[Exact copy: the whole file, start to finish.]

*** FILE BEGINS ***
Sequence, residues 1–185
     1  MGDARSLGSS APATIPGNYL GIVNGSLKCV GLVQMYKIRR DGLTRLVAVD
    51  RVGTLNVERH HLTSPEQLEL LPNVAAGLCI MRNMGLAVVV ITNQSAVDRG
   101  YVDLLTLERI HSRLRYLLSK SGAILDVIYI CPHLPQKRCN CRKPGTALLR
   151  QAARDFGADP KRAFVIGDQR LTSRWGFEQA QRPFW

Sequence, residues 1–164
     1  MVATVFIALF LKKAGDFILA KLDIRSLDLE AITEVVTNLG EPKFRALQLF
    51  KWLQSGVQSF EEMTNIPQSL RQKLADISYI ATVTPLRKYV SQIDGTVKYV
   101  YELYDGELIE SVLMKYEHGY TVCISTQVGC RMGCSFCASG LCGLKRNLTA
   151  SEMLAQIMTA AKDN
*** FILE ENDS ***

Sequence, residues 1–185
     1  MGDARSLGSS APATIPGNYL GIVNGSLKCV GLVQMYKIRR DGLTRLVAVD
    51  RVGTLNVERH HLTSPEQLEL LPNVAAGLCI MRNMGLAVVV ITNQSAVDRG
   101  YVDLLTLERI HSRLRYLLSK SGAILDVIYI CPHLPQKRCN CRKPGTALLR
   151  QAARDFGADP KRAFVIGDQR LTSRWGFEQA QRPFW

Sequence, residues 1–164
     1  MVATVFIALF LKKAGDFILA KLDIRSLDLE AITEVVTNLG EPKFRALQLF
    51  KWLQSGVQSF EEMTNIPQSL RQKLADISYI ATVTPLRKYV SQIDGTVKYV
   101  YELYDGELIE SVLMKYEHGY TVCISTQVGC RMGCSFCASG LCGLKRNLTA
   151  SEMLAQIMTA AKDN